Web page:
There's no point asking women to save us - that's our job

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The Independent Online
I'LL BE honest. Suzanne Moore's attitude, in much of her writing, that all men are a waste of space upsets me a great deal. But what David Aaronovitch attempted to do last week in his column really drove me mad.

He wrote passionately, seeking to persuade Suzanne to be nicer about us. We need her, he said, to give us a bit of support through rough times. But, of course, the predictable happened. Mummy refused. "That's not my job," she responded.

I can live with Suzanne's denigration. But David's plea, though brave, ultimately deepened men's humiliation. It painfully exposed a huge hole in male thinking - we're depending on women to provide us with a sense of our own well-being. We're swinging in the wind, hoping that the likes of Suzanne Moore will save us. And if she doesn't, we seem to have no other resources beyond self-pity. It's a doomed strategy.

So my question is: why do we men find it so hard to create a positive picture for ourselves, an image of a hopeful, happy future? Why do we rely on women instead of taking responsibility ourselves? Surely, if we set out our own agenda, Suzanne could rail at us as much as she liked, but we would have expressed our own truths, identified our own ambitions.

A clue to answering these questions lies in the events that have reignited the gender war. First Paul Johnson, the right-wing moralist revelling in 40 years of successful marriage, has been exposed as having a long- term mistress. Second, Hanif Kureishi's new novel, Intimacy, has detailed why a man (closely modelled on the author) leaves his wife and children for his mistress. Johnson has thus been ridiculed as a hypocrite; Kureishi condemned as a misogynist.

But both tales contain a more profound truth about men. That, however active and capable we are in our public lives, our private, personal lives are often characterised by passivity.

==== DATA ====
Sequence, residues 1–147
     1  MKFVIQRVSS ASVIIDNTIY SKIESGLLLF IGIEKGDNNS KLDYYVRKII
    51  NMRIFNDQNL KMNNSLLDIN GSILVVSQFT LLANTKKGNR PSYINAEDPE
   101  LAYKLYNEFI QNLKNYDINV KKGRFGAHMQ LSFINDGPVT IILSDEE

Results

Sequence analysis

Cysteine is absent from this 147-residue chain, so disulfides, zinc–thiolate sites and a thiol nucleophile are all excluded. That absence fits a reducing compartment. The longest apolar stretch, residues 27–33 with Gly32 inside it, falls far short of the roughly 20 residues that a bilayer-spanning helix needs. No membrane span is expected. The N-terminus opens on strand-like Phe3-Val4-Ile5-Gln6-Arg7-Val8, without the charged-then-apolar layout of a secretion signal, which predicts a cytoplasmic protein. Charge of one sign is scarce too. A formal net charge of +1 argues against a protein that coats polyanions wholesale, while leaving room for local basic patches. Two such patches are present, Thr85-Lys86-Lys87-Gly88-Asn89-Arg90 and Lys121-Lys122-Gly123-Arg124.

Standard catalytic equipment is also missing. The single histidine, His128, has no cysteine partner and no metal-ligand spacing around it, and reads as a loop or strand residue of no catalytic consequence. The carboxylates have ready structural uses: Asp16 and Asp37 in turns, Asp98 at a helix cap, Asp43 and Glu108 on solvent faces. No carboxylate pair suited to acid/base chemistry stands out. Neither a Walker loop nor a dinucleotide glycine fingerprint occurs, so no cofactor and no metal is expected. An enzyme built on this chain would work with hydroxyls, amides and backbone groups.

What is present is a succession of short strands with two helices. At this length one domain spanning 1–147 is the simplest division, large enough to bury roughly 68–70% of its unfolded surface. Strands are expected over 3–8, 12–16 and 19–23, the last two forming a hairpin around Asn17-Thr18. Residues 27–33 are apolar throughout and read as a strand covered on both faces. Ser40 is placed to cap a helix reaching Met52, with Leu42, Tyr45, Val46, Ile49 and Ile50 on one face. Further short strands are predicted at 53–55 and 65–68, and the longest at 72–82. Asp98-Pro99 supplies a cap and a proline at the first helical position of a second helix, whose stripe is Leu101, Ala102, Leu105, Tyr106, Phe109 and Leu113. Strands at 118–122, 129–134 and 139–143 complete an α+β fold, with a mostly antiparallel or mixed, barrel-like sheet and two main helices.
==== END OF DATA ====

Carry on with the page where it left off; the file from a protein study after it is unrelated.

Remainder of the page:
So when Johnson wanted something a bit extra sexually - including spanking, in his case - he didn't take his wife aside and talk her through his needs. Instead, he quietly conducted an affair on the side, where he did not have to deal with any conflict that might arise out of his desires.

Likewise, reading Kureishi's work, you long for the narrator to take his wife aside, tell her what he really wants sexually and so make the relationship a success. Yet at every opportunity he runs away from the need for action, retreating to an indulgent lover who anticipates his needs without any articulation on his part.

If, by the way, you doubt that many men are sexually passive, just look at the vast sex industry, geared towards satisfying men who cannot negotiate their needs with their regular partners.

Passivity explains problems in other parts of our personal lives - our poor expression of emotions, our difficulty in feeding and caring for ourselves, our tendency to allow the home to be a feminised environment in which we are not quite comfortable. And, of course, our personal lack of assertiveness means we have barely begun to describe a positive notion of male identity.

Instead most of us, including the most powerful men in society, listen passively as commentators such as Suzanne Moore abuse us collectively for every crime imaginable. Each tirade is greeted with an extraordinary silence. And when someone like David Aaronovitch protests, he has nothing but a plea for altruism to support his case.

Transforming this Passive Man - not winning female approval - will be the great goal of male liberation. We will have to reclaim power over our personal lives that we handed over to women a long time ago. A tough, but revolutionary task.

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